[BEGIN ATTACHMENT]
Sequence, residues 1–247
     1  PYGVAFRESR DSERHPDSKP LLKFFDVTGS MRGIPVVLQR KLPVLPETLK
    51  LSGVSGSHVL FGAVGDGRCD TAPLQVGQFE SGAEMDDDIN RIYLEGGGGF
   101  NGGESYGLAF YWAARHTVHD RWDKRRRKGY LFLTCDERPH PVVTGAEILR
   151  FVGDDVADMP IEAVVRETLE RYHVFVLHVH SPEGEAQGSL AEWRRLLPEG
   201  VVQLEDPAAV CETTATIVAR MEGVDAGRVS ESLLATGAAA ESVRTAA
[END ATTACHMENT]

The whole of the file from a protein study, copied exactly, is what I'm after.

Sequence, residues 1–247
     1  PYGVAFRESR DSERHPDSKP LLKFFDVTGS MRGIPVVLQR KLPVLPETLK
    51  LSGVSGSHVL FGAVGDGRCD TAPLQVGQFE SGAEMDDDIN RIYLEGGGGF
   101  NGGESYGLAF YWAARHTVHD RWDKRRRKGY LFLTCDERPH PVVTGAEILR
   151  FVGDDVADMP IEAVVRETLE RYHVFVLHVH SPEGEAQGSL AEWRRLLPEG
   201  VVQLEDPAAV CETTATIVAR MEGVDAGRVS ESLLATGAAA ESVRTAA